Why Stoke City boss Michael O’Neill deserves brownie points – Simon Lowe



There were some proper old school elements on show at Stoke City on Saturday: blustery, swirling conditions, Rory Delap warming up before the game, scrappy goals and a clean sheet.

It was just like old times!

Think back a decade when we had the open corner, Delap chucking howitzers into the penalty area to frighten defences and not coaching from the bench and the likes of Shawcross, Huth and Faye keeping opposing attackers quiet. It stirs the passions doesn’t it?

Well, those type of elements are coming back together as Michael O’Neill works out how he can meld a consistent team from this hotch potch bequeathed to him by preceding managers.

The mark of a good manager is how they bring a team back from a bad performance, especially when they are having to deal with the loss of a key player (in this case two) in a key position.

Without James McClean or Thibaud Verlinden, O’Neill had little choice but to stick with the 11 players who had so badly let him down at Queen’s Park Rangers the previous week. There had been rumours of major changes in defence, but O’Neill stuck to his guns rather than recall Edwards, Lindsay or bring in Nathan Collins. It was a risk, but paid off as the back four were solid and cohesive, where they had been porous and all over the shop the previous weekend.

Plenty of work had gone on at the training ground, then. Plus a lot of hard talking, I imagine.

Brownie points to O’Neill, who is proving his resilience in adversity; presumably honed to perfection managing minnows Northern Ireland against countries like Holland and Germany.

It was a pretty forgettable game, but Stoke had by far the better of what football there was on show and won the battles for the rest of the match. The two goals were as ugly as you will ever see, but who cares?

It was a vital victory.

Without doubt points are far more vital than performance right now.

Resilience trumps style and guts is far more important than footballing quality for the rest of the season.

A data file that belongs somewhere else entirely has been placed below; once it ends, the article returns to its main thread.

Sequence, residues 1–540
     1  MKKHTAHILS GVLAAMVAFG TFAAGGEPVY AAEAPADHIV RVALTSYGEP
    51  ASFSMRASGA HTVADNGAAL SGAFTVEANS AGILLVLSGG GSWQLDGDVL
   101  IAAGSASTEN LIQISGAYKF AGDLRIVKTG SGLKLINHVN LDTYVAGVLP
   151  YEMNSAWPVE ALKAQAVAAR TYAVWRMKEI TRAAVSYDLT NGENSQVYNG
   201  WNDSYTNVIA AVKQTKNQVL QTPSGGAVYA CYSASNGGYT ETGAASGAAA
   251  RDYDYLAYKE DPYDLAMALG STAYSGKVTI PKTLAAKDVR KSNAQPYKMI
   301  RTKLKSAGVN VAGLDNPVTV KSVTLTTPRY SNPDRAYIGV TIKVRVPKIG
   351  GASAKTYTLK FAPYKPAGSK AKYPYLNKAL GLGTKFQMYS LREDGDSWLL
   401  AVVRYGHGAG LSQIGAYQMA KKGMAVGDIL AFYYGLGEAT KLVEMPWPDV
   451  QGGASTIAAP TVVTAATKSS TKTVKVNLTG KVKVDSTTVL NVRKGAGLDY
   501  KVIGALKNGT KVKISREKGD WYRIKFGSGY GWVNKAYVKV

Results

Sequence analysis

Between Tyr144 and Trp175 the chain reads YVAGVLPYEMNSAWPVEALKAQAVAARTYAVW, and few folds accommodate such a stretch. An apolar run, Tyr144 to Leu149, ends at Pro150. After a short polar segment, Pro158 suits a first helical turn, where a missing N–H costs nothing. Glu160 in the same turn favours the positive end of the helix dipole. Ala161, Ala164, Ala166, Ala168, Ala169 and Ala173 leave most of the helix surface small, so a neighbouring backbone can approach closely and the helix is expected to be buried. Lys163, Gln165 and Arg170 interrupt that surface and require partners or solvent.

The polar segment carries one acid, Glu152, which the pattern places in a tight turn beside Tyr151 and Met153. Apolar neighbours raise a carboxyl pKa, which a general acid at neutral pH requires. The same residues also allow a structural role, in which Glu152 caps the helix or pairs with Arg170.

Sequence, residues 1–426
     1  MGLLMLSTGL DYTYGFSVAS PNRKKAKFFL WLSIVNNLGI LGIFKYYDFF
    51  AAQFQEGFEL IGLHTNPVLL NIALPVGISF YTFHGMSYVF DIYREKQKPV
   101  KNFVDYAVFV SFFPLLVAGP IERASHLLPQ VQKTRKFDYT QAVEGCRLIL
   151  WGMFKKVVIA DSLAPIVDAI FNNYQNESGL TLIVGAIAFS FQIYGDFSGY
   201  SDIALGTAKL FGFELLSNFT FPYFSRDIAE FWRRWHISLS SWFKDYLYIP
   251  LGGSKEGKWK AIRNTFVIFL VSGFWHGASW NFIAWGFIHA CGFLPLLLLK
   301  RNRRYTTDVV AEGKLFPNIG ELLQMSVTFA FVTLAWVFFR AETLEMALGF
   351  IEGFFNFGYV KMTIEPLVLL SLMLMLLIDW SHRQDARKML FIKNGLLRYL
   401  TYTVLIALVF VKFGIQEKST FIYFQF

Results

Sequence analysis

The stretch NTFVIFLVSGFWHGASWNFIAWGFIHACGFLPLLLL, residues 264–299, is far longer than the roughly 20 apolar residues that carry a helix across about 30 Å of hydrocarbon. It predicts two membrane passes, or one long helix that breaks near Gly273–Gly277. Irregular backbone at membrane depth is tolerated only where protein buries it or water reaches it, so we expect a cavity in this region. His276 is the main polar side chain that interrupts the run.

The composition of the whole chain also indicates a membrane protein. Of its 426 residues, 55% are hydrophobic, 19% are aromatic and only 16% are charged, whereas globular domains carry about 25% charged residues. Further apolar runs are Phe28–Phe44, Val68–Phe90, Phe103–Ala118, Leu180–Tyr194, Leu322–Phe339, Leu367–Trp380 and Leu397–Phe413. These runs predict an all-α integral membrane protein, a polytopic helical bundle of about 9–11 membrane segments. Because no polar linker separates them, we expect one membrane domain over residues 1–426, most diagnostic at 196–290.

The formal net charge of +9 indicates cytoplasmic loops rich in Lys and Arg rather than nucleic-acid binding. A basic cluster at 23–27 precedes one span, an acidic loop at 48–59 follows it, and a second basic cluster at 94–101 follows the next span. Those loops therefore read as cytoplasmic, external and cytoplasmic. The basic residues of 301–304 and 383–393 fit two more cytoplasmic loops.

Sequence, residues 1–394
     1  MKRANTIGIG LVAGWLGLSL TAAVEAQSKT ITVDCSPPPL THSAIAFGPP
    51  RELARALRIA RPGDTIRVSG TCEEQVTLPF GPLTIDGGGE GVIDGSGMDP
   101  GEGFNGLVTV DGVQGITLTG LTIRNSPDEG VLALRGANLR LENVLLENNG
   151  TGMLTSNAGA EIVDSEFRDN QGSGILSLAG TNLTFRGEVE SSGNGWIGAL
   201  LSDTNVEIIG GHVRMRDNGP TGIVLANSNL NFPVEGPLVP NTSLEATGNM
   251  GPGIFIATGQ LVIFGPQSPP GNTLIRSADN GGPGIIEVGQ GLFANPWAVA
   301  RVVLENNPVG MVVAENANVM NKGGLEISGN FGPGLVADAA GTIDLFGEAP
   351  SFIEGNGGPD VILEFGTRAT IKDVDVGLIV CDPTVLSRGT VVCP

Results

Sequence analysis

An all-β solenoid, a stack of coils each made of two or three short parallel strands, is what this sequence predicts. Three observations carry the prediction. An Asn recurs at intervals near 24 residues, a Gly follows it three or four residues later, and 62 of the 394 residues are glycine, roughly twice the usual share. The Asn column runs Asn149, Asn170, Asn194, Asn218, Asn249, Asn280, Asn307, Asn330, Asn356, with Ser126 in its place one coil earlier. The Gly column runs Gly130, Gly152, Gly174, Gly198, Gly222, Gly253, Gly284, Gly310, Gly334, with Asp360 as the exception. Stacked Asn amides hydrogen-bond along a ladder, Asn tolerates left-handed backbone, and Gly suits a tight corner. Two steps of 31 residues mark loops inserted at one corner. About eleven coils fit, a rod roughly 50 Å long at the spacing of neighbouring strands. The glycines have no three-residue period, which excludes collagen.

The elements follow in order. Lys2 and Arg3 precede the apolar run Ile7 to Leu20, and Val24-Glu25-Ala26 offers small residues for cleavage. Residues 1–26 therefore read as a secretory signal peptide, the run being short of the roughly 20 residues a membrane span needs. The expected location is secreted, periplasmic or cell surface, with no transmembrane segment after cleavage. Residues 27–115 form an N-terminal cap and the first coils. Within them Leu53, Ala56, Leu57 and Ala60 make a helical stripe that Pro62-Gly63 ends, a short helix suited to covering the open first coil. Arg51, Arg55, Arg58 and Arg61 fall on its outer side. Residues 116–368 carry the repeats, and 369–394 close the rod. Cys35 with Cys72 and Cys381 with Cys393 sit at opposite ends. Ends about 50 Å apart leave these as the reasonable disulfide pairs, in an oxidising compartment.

There will be a time for all that to come through once we are officially safe and, particularly, after O’Neill has been able to revamp his squad over the summer.

There were a few flashes on show against Cardiff. Nick Powell was the one shining light in terms of football quality on the pitch, while Tyrese Campbell showed enough to know he is the future.

Powell played out on the left to plug the gap left by injuries and Jordan Thompson was surprisingly switched to holding midfielder. He delivered a top performance, neat and tidy with some perceptive passes out from the back.

More evidence that O’Neill can switch things up to deliver the necessary results.

Arguably most impressive was Jack Butland, who dealt well with the wind and lots of high balls into the box from Cardiff. Having been stuck to his line so often, Butland had clearly made a conscious decision to come out and he was rewarded.

We now have a run of seven games which will define whether Stoke can beat the drop – something which seemed nigh on impossible before O’Neill joined – before a tough run in. It’s vital, then, that O’Neill keeps the momentum moving forward in two away games at Blackburn in midweek and then at Luton, a six pointer if ever there was one.

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Will Stoke City stay up this season?


I’d be quite happy to grind out some more points with similar performances to Saturday’s that saw off in-form Cardiff. The problem is with this Stoke team you never know what’s coming next.

Hold onto your hats, folks!





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